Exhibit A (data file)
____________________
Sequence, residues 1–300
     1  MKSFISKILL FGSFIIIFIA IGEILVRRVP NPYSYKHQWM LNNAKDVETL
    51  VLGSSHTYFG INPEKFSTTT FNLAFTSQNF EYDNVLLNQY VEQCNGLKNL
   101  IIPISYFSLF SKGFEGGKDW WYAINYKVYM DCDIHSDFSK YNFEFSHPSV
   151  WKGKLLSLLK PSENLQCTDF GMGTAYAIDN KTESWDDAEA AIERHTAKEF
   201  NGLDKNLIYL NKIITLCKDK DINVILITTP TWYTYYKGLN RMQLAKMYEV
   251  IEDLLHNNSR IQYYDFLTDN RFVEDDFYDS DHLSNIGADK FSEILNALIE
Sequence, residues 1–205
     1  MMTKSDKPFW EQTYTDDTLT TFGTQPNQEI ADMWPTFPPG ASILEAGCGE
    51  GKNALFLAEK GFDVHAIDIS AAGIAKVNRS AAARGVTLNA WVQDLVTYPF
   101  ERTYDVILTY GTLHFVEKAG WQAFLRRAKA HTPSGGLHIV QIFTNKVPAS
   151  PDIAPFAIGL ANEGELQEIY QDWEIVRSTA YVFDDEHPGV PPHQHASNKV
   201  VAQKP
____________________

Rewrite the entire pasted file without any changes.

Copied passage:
Sequence, residues 1–300
     1  MKSFISKILL FGSFIIIFIA IGEILVRRVP NPYSYKHQWM LNNAKDVETL
    51  VLGSSHTYFG INPEKFSTTT FNLAFTSQNF EYDNVLLNQY VEQCNGLKNL
   101  IIPISYFSLF SKGFEGGKDW WYAINYKVYM DCDIHSDFSK YNFEFSHPSV
   151  WKGKLLSLLK PSENLQCTDF GMGTAYAIDN KTESWDDAEA AIERHTAKEF
   201  NGLDKNLIYL NKIITLCKDK DINVILITTP TWYTYYKGLN RMQLAKMYEV
   251  IEDLLHNNSR IQYYDFLTDN RFVEDDFYDS DHLSNIGADK FSEILNALIE
Sequence, residues 1–205
     1  MMTKSDKPFW EQTYTDDTLT TFGTQPNQEI ADMWPTFPPG ASILEAGCGE
    51  GKNALFLAEK GFDVHAIDIS AAGIAKVNRS AAARGVTLNA WVQDLVTYPF
   101  ERTYDVILTY GTLHFVEKAG WQAFLRRAKA HTPSGGLHIV QIFTNKVPAS
   151  PDIAPFAIGL ANEGELQEIY QDWEIVRSTA YVFDDEHPGV PPHQHASNKV
   201  VAQKP